We should not think of it as junk. With its relatively low impact speed, SMART-1 should be much less fragmented than the dozens of other spacecraft that have hit the Moon. Damaged certainly, and with its solar panels torn off, the main part of SMART-1 may remain on the lunar surface as a monument to Europe’s exploration of space.

11. Will scientists learn anything from the impact on the Moon?

The last SMART-1 observations before impact will provide new impressions of the lunar landscapes. As the impact will occur in a dark area of the Moon, we cannot expect to see very much by visible light during the final descent, but we are looking forward to late images from SMART-1’s final moments. Mission control will be receiving signals right up to the impact, with the spacecraft antenna pointing towards the Earth.

During close lunar approaches, the camera will have oblique views of some areas that we have previously looked at only vertically, providing a sort of three-dimensional view of the surface. During the last orbits, the other instruments, including the D-CIXS X-ray telescope and the SIR infrared spectrometer, will have detailed views of some regions from very low altitudes.

Powerful telescopes on the Earth may see a faint flash from the impact itself, followed by a cloud of dust thrown up by the impact, perhaps 5 kilometres wide. The dust will obscure the view of part of the Moon’s surface for 5 or 10 minutes. On a nominal impact on 3 September at 07:41 CEST, the impact angle will be one degree, that could generate some elongated ejecta structures, with ‘butterfly wings’ on the side.

The behaviour of the cloud will give valuable information about impact events in general, while the analysis of the light from the dust, with spectrographs in the telescopes, may detect materials dug up by the impact from just beneath the lunar surface. Astronomers have done this sort of thing before, when NASA’s Deep Impact spacecraft hit Comet Tempel-1 in July 2005; that was a far more energetic event.

The observations will rely on the faint glow of earthshine – unless some of the dust cloud is thrown more than 20 kilometres above the lunar surface. In that case, it will be lit directly by sunlight and will appear far brighter for perhaps a few minutes. Amateur astronomers may be able to spot the sunlit dust cloud with their binoculars and small telescopes.

12. Whatever happens, the impact will be the end of your mission. What have you found out with SMART-1?

SMART stands for Small Mission for Advanced Research and Technology. The major technological demonstration was the first use of solar electric propulsion for interplanetary travels, in combination with gravity assist manoeuvres. Such a propulsion system will be used for ESA’s BepiColombo mission going to the planet Mercury.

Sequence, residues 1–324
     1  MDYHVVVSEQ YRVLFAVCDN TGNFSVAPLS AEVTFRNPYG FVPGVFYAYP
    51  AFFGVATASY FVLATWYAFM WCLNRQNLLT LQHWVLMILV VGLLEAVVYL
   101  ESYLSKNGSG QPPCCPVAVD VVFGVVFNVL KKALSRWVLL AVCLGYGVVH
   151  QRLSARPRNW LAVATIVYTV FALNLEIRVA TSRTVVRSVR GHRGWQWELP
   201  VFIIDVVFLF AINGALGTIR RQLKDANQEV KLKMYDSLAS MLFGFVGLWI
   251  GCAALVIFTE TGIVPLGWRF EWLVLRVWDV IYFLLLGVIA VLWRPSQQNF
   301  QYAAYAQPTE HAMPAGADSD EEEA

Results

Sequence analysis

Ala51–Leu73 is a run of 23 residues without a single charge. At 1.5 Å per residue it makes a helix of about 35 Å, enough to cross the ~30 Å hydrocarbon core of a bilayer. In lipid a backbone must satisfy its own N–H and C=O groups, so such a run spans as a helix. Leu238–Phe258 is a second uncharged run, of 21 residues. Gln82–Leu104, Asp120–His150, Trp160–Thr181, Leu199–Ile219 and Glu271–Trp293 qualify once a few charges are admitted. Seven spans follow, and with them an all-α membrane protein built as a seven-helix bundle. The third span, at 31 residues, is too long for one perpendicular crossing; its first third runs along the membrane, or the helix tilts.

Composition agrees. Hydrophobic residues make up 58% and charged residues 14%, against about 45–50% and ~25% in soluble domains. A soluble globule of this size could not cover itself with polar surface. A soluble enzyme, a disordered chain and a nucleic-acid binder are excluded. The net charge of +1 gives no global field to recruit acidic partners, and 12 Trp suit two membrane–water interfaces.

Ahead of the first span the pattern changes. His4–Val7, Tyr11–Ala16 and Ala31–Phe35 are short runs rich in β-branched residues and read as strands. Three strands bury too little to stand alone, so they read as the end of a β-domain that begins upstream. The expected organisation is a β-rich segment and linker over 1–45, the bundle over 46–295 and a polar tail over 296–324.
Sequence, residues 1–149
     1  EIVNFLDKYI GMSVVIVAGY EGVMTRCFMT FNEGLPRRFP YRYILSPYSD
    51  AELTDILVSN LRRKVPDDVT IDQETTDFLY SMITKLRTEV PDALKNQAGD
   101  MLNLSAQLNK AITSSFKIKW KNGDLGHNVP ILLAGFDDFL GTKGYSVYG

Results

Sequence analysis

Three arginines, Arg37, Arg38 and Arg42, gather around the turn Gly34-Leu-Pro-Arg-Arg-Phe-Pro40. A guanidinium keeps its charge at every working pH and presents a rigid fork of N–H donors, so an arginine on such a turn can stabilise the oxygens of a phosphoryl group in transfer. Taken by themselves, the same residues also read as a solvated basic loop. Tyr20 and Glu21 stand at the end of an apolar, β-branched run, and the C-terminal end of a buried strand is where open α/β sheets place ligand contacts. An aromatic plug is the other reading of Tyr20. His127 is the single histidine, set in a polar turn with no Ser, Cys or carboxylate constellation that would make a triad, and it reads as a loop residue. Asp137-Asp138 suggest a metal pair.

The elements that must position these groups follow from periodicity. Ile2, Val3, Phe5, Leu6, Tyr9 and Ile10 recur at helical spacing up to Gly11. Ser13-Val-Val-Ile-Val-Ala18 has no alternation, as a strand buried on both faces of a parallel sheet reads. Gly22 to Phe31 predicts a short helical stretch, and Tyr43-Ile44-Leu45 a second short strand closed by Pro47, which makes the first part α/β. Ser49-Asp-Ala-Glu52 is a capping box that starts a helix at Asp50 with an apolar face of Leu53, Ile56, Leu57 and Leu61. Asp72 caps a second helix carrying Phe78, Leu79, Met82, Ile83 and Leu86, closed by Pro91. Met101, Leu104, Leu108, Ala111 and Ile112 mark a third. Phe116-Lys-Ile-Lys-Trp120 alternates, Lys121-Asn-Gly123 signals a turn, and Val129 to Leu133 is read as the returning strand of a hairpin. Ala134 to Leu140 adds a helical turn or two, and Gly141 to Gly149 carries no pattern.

SMART-1 also tested future deep-space communication techniques for spacecraft, techniques to achieve autonomous spacecraft navigation, and miniaturised scientific instruments to examine the surface of other worlds in visible, infrared and X-ray light, used for the first time around the Moon. BepiColombo and other science or exploration spacecraft will carry similar instruments.

As for our investigation of the Moon itself, SMART-1 has mainly studied the past impacts that have created all those craters on the Moon. Having 16 months in close orbit instead of the 4 months initially planned, SMART-1’s camera has built up a large library of images of craters large and small all over the Moon, not least around the poles where previous observations were patchy. The infrared instrument has measured changes in the spectra of the lunar soil, between different parts of impact craters, to reveal the composition of subsurface material bounces upwards in the centre, during the impact.

Lunar scientists suspect that the biggest impact of all was at the birth of the Moon from a huge collision between the newly formed Earth and a small planet, 4.5 thousand million years ago. The X-ray instrument on SMART-1 has gathered the best information available so far about the various elements present on the lunar surface. When the results are fully analysed they may support or challenge that theory of the Moon’s origin. Although the observation phase of the mission will soon be over, scientists will be working on the results for years to come.

13. Is that the end of the story for European missions to the Moon?

Definitely not. In a year or two, India’s Chandrayaan-1 spacecraft will go into orbit around the Moon, equipped with the same European infrared and X-ray instruments as carried on SMART-1.

The SMART-1 team and European experts are already collaborating with the teams preparing the next lunar missions in China, Japan, India and the United States. SMART-1 data can also help to select the sites for future landers, robotic villages and to prepare for the return of humans to the Moon .

For more information

Bernard Foing, ESA SMART-1 ESA Project Scientist
Email: bernard.foing @

Gerhard Schwehm, ESA SMART-1 Mission Manager
Email: gerhard.schwehm @

Octavio Camino-Ramos, ESA SMART-1 Spacecraft Operations Manager
Email:octavio.camino @